The coronavirus did not take a summer break in Spain. According to figures released last night by the country’s Health Ministry, a total of 174,336 new cases were diagnosed during the month of August, with 23,572 detected since Friday alone. That works out as an average of 5,623 a day. This figure is almost five times higher than that of July, and confirms a second wave of the virus that is not showing any signs of losing strength across Spain as a whole.
The figures supplied on Monday by the Health Ministry recorded 83 new Covid-19-related fatalities, bringing the official death toll since the crisis began to 29,094. More than half of these latest victims were notified from the Madrid region.
For Fernando Simón, the director of the Health Ministry’s Coordination Center for Health Alerts (CCAES), and the visible face of the government during the ongoing coronavirus crisis, this past month has been “bitter-sweet.” Speaking on Monday evening, he admitted that there had been “very significant” rises in the indicators, but he also pointed to positive factors. For example, diagnostic capacity is now double what it was in July, but the rate of asymptomatic cases is falling. Another factor the chief epidemiologist pointed to was that there have not been more outbreaks among seasonal fruit pickers, something the ministry had been concerned about. Meanwhile, the size of the outbreaks that originated in social settings “is falling,” and perhaps the most encouraging, the regions with the biggest growth in cases in July have managed to stabilize transmission – i.e. in Catalonia – or reduce it, as has happened in Aragón.
The population shouldn’t be distressed but they should be concernedFernando Simón, director of the Health Ministry’s Coordination Center for Health Alerts
“The rise is bigger than we would have liked, but it’s to be expected,” the CCAES chief said on Monday. “We are detecting nearly as many cases as we did at the peak of March and April but things are completely different to how they were then,” he continued. “But we cannot sleep easy, at least not us,” he said in reference to his team. “The population shouldn’t be distressed but they should be concerned.”
Ildefonso Hernández, a public health professor and spokesperson for the Spanish Public Health Society (SESPAS), agreed with Simón in that the cases in Aragón and to a lesser extent Catalonia can be seen as encouraging, but he classed the progress of the epidemic as “very worrying.” “What has been illustrated in the month of August is that the epidemiological monitoring, early detection and contact tracing has not been taken seriously,” he said. “If this is not done well we are going to have problems in the future.”
The second wave began in Aragón and Catalonia, and from there it spread to the capitals of those regions
The expert also pointed to the “haste” to restart certain activities, such as nightlife, and which has ended up being counterproductive. “What’s more, I believe that communication has been a failure on issues such as face masks. It is true that people wear them in general on the street, but this is perhaps where it is least necessary to do so,” he concluded in reference to closed spaces, where the face coverings are much more useful.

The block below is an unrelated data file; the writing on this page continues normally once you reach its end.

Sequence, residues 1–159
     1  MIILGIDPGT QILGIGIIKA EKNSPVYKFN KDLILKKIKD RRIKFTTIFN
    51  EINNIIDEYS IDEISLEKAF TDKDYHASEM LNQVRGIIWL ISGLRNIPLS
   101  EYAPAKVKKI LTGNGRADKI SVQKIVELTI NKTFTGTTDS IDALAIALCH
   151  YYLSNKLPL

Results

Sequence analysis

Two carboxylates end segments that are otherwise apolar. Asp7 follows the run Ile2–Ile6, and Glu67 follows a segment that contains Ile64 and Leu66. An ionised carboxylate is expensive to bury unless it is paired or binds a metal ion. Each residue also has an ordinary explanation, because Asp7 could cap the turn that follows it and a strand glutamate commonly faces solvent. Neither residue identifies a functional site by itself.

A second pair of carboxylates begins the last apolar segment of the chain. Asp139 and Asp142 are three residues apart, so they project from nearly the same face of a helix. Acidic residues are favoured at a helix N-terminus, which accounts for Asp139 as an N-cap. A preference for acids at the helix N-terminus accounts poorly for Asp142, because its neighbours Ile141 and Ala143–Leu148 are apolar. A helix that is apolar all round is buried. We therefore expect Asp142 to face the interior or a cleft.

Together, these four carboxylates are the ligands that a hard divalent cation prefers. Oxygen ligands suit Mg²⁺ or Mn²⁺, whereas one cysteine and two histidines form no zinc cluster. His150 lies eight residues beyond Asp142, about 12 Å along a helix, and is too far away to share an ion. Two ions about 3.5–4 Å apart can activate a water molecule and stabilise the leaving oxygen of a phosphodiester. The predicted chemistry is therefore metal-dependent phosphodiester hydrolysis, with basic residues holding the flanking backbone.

The second wave began in Aragón and Catalonia, and from there it spread to the capitals of those regions, where there is high citizen mobility and population density – in particular in Barcelona. This was followed by northern regions such as Navarre and the Basque Country, with outbreaks in residences and healthcare centers, but in particular at social events. Finally the second wave began to be seen in Valencia, Andalusia and Madrid, the latter region accounting for one in every five cases in Spain and becoming – once again – the focal point of the outbreak in Spain.
This, Simón explained, coincides with all of the journeys people have taken in order to enjoy their summer vacations. “While these [journeys] have been fewer than in other years, they have happened,” he said. “There has been a mixing of people from areas that had high transmission rates and others that had very low ones. We don’t know if the return from holidays in July could have affected Madrid, but it is true that many Madrileños have been outside with other groups and the chance that this has happened is high,” Simón explained, admitting that the interaction of travelers in the capital “causes concern.” “Madrid has a high risk because fortunately and unfortunately it is the basic hub for all transportation in Spain,” he concluded.
The situation in the Madrid region is particularly concerning because hospital occupation continues to rise there. Since the Health Ministry began publishing this data point, on August 20, Covid-19 patients have risen from 1,245 to 2,128, which is an increase of 70%. Intensive care unit (ICU) admissions, meanwhile, have gone up from 126 to 218, which is a 73% rise. While the occupation of beds by coronavirus patients is at 16%, which is far from capacity, this could change in just weeks if current growth rates hold steady.
The second region with highest hospital occupation is Aragón, with 13%. The big difference is that there, the figures are not growing and have held steady for the last two weeks. In Spain as a whole, the average is 6% of Covid-19 patients with respect to total capacity. Hernández, from SESPAS, believes that the figures are a warning that the situation “could get worse.”
English version by Simon Hunter.